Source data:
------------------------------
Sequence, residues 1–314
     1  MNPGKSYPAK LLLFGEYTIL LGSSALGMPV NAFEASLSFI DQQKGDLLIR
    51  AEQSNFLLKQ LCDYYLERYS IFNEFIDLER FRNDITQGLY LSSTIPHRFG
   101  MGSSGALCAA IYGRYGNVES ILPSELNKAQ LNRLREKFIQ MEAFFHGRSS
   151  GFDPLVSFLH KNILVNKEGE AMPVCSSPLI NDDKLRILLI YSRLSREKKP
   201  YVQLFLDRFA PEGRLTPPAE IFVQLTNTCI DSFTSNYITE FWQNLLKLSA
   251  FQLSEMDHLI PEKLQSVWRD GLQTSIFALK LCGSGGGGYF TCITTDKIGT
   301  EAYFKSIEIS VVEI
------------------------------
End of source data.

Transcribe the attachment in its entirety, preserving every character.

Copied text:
Sequence, residues 1–314
     1  MNPGKSYPAK LLLFGEYTIL LGSSALGMPV NAFEASLSFI DQQKGDLLIR
    51  AEQSNFLLKQ LCDYYLERYS IFNEFIDLER FRNDITQGLY LSSTIPHRFG
   101  MGSSGALCAA IYGRYGNVES ILPSELNKAQ LNRLREKFIQ MEAFFHGRSS
   151  GFDPLVSFLH KNILVNKEGE AMPVCSSPLI NDDKLRILLI YSRLSREKKP
   201  YVQLFLDRFA PEGRLTPPAE IFVQLTNTCI DSFTSNYITE FWQNLLKLSA
   251  FQLSEMDHLI PEKLQSVWRD GLQTSIFALK LCGSGGGGYF TCITTDKIGT
   301  EAYFKSIEIS VVEI